FIG. 4 shows a diagrammatic sectional view of a screen belt press.
Substrate mixtures to be treated or separated and containing low density material, preferably plastics, in particular polyolefin sheets, and preferably obtained from waste matter fractions or presorted garbage fractions and essentially containing e.g. more than 80 percent, preferably more than 90 percent, of plastics or consisting of presorted paper/plastics fractions (PVC, paper, polyolefins), are placed at 2 onto a conveyor belt 3 to which a metal separator 9 is associated for removing metallic, in particular magnetizable, components. The substrate mixture is then charged into a wet-grinding mill 10 in which the paper is broken up into pieces about the size of the palm of a hand and the plastics into pieces about the size of a fingernail. From the wet-grinding mill 10, the crushed substrate is passed over a paddle screw 11, at simultaneous water supply 11', to a mixing container 12 to which water is supplied by a clear water line 4. In the mixing container 12, the substrate mixture is mixed with water and optionally agitated. From the mixing container 12, the substrate mixture is conveyed via a pump 12' to a sink-float basin 13. There, jet nozzles 5 direct jets of liquid onto the rising light matter portion of the substrate mixture which is separated into a light matter phase (e.g. polyolefins) which is discharged via a bucket wheel 6 and a heavy matter phase which is deposited in the sedimentation basin 7 and conveyed via corresponding outlet lines 8 to a trough 14 wherein the heavy material (e.g. paper, PVC, dirt) from the sedimentation basin 7 and the paddle screw 11 and the dirty water is collected.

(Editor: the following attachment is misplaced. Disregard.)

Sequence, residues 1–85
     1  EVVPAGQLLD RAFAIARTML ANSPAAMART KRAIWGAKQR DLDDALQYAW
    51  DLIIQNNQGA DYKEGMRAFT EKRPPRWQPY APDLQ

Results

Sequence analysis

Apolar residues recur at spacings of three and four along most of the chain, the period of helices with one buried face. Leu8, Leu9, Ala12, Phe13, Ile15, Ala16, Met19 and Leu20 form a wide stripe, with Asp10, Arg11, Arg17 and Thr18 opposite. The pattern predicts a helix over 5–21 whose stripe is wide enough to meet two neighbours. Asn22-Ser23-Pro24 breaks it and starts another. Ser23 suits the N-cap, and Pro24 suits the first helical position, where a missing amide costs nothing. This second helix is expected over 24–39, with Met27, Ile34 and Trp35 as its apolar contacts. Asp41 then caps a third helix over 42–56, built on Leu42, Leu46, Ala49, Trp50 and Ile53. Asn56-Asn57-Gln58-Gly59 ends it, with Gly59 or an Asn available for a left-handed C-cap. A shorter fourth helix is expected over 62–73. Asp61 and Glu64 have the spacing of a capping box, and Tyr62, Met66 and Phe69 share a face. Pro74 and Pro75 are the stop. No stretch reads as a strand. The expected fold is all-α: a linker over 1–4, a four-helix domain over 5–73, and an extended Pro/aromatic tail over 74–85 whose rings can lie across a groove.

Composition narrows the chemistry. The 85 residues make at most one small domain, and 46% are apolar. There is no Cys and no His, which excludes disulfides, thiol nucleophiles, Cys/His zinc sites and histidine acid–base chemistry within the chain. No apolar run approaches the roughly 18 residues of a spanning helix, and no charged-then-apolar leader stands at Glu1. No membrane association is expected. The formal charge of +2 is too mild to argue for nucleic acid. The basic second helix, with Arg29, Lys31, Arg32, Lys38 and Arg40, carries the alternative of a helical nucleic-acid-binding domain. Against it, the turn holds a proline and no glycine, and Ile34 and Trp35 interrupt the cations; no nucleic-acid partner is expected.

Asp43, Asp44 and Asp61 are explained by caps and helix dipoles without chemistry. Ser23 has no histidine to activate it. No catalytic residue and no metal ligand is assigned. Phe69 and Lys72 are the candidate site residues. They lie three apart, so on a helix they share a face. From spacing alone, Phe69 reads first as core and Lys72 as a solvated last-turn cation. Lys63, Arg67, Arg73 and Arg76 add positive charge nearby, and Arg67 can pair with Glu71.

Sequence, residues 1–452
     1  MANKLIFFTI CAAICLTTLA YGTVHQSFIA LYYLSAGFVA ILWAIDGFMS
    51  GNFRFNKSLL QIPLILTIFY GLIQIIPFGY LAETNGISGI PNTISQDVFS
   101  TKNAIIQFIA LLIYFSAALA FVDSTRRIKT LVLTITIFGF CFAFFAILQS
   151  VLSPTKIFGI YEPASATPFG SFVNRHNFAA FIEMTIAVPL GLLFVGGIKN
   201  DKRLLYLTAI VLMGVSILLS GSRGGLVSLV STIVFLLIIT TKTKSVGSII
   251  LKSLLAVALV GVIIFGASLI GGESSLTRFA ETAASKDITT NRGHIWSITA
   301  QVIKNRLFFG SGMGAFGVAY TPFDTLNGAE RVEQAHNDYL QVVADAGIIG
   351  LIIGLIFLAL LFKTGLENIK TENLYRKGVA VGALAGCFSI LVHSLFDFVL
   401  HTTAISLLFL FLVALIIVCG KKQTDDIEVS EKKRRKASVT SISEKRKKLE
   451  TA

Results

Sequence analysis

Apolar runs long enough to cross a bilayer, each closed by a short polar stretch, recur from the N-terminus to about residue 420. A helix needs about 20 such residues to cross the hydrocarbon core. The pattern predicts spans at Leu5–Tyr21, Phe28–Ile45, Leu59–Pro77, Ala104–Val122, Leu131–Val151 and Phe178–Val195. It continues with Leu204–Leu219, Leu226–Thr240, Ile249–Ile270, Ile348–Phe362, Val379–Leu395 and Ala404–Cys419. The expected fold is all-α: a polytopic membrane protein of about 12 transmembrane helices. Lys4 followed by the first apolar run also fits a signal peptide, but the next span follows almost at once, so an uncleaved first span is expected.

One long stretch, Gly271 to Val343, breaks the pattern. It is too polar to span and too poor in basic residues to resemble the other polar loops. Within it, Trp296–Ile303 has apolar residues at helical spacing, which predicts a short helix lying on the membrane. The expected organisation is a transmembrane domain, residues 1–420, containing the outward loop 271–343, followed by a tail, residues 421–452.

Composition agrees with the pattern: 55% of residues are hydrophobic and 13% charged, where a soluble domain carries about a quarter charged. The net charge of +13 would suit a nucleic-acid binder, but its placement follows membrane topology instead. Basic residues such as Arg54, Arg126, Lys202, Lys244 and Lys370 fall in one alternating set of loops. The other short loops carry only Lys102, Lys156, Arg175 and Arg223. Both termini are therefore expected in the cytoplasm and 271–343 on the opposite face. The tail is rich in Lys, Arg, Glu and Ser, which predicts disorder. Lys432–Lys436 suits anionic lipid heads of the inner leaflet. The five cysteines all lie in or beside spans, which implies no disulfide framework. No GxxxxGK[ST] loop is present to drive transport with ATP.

If the separated heavy matter consists essentially of paper and PVC components, it can be passed to a (double) screen belt press for dehydrating and further processed in the usual way.
The light matter phase discharged by the discharge bucket wheel 6 or paddle wheel is dehydrated, for instance by means of an arc screen 104. From the arc screen 104, the dehydrated light matter phase passes to a mixing vat 15 where it is mixed with clear water. From the mixing vat 15, the light matter phase is passed to a hydrocyclone 16 via a pump 15'. Residual heavy components or the underflow from the hydrocyclone 16 are passed via an arc screen 17 to a container 24. The water separated in the arc screen 17 is passed to a return water line 44. The light matter phase from the hydrocyclone 16 is passed via an arc screen 18 and a vibrating screen 19 to a screen belt press 20. Water separated in the arc screen 18, the vibrating screen 19 and in the screen belt press 20 is also fed to the return water line 44. The screen belt press 20 has a single pair of press rollers 45 and 46 of which the upper roller 45 is arranged closer to the inlet side end than the lower roller 46. The screen belt can be passed to the press rollers 45, 46 ascendingly or descendingly.